Long-term, I don’t see how the Ark Encounter can survive the realities of demographics and plenty of other realities—but everything fails to survive in the “long-term”. Even when both the Creation Museum and Ark Encounter are underperforming, I would suspect that the AIG subsidies will easily support the shortfalls for many years. It is not like either attraction has a lot of complex and constantly rotating exhibits. (As many have observed, despite Ham’s claims of “attractions which rival those at Disney and Universal Studios”, the reality is far more bland.)

If these two tourist attractions fail in the next decade, it will most likely be due to Ham over-expanding, as he keeps talking about doing. There are plans for a Tower of Babel and other theme parks at the Ark Encounter. Each one that is actually constructed will accelerate the eventual financial collapse—but that collapse may take many years.

It will be interesting to see how much the ICR museum project (in Dallas, I think??) will divert tourist traffic and donor dollars.

Meanwhile, I’d be curious to hear why you disagree with so many of the atheist analysts and insist that A.E. attendance figures are “dismal.”

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Best number I have for second year attendance is 847,000. That comes from the town numbers on the safety fee of $0.50 per ticket. That seems very low and at par with first year numbers. There really isn’t any reason for the numbers to increase as once you see it, it is not much of a “I can’t wait to go again”. Also, each time I look at the crowd demographics, it looks like senior citizens mostly. A few families with young kids but very unlike the demographics of the US as a whole but very much like the demographics of the churches above.

My question for this group is: are there a lot of twenty-something YECs in this country? This is the group I think we are most interested in conversing with?

Yes, there is a group like this. It will take time to build bridges to them.

Could it be that all are declining in membership and it doesn’t make sense anymore to ostracize subgroups of Christianity if each subgroup fights for viability?

Not really. Fundamentalists and Evangelicals are doing pretty well, and even growing. Mainline is certainly shrinking.

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Taken down by poster.

https://factsandtrends.net/2018/03/22/us-church-attendance-may-be-declining-but-not-among-evangelicals/

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Very interesting.

@AllenWitmerMiller,

I’m wondering what you think about what I have to say.

I sometimes wonder if I’m somehow contributing to this problem because I agree with many mainline positions. I don’t believe in inerrancy, believe in inclusivism, hopeful not dogmatic universalism, evolution, etc.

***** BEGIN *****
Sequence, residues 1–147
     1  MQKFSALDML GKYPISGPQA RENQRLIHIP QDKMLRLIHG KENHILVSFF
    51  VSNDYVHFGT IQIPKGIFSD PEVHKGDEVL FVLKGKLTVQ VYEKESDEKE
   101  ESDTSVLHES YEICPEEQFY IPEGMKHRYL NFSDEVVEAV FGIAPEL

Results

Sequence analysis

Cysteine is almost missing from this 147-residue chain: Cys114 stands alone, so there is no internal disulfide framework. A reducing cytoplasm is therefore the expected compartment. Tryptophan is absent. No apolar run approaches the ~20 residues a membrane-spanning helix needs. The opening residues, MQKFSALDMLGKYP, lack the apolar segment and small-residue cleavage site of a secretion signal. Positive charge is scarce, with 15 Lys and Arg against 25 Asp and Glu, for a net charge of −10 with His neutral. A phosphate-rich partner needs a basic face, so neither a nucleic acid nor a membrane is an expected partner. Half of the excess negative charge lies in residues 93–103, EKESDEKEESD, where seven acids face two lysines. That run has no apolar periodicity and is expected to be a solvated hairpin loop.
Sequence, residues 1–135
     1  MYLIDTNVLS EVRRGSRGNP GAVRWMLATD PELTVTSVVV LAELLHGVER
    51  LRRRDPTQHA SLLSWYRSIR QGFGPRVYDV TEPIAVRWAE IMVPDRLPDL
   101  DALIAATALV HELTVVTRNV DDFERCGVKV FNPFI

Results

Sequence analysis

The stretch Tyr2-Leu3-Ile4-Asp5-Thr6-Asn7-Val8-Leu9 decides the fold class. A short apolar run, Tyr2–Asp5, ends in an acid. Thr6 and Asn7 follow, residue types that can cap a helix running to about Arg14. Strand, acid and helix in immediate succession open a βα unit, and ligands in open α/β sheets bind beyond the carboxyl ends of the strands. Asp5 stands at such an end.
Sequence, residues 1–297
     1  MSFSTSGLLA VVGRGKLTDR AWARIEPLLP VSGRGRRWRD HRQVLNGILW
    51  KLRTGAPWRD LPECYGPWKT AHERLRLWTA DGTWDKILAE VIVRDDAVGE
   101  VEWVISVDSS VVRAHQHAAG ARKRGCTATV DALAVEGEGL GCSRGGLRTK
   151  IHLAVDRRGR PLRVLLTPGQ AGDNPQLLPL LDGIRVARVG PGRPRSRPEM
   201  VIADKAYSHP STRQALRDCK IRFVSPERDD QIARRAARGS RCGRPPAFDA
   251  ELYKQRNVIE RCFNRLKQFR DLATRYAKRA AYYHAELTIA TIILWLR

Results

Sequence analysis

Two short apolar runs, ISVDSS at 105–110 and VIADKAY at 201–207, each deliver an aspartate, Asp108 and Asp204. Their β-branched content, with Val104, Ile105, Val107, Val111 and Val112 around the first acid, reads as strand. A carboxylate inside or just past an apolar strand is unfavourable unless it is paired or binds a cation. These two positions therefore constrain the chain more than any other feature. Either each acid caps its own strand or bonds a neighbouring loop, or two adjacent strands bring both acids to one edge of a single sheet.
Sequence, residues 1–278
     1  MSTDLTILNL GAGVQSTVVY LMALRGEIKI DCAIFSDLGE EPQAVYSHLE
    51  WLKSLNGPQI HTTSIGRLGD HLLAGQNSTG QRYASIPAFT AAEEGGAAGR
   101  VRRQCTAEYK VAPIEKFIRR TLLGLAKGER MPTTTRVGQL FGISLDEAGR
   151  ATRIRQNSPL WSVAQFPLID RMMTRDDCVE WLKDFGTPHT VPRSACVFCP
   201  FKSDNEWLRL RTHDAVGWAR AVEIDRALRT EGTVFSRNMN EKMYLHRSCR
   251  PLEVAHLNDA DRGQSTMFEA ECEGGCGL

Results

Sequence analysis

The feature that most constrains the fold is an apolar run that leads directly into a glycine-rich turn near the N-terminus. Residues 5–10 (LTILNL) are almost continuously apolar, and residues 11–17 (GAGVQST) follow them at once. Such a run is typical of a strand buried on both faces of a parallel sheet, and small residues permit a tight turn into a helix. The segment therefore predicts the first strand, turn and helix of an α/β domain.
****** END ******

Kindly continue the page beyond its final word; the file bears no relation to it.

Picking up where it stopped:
Yet I don’t think it’s these things that are making people walk away from mainlinism. I think it’s a decision to read the Nicene creed as poetry, see salvation through Christ as optional, belief in resurrection and incarnation as optional, etc.

Among Orthodox, the old cultural Orthodox people are leaving and churches, like the mainlines, are shutting down in droves. However, in the South, evangelicals are flocking to Orthodoxy and churches are growing like wildfire. And yet, many of these converts take “liberal” positions on the issues mentioned above as well. The cradle Orthodox that stay in the church have a very similar pious disposition to these converts.

For example, at IOTA, the new academic conference for Orthodox all over the world, I would imagine most attendees believe typically “liberal” things like I just mentioned, but in contrast to mainline churches, the conference was opened like this:

“As scholars and professionals, we wish to contribute our ‘iota’ to the life of the Church and to do so with due humility….IOTA will succeed as long as Jesus Christ remains the foundation of our work, Jesus Christ as He is proclaimed in the Scriptures and confessed in the Creeds, Jesus Christ Whom we have put on in baptism and Whose Body and Blood we receive in the Eucharist, Jesus Christ Who as the eternal Logos is the beginning and the end of all things.”
https://publicorthodoxy.org (I don’t agree with a lot in this article by the way. It’s way too simplistic.)

I think many mainline churches would sit back in horror at this type of language.

So my guess is, it’s not the “liberal” positions of churches that are turning people away (though Orthodox remain more conservative on gender and sexual issues than even some evangelicals), rather it’s a decision to take the focus off Christ. Without Christ, there is nothing that separates these churches from any other social gathering.

Do you think I’m right?

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Also, what is happening to the attendance at churches like the PCA, ACNA? These are the conservative versions that split from the mainlines.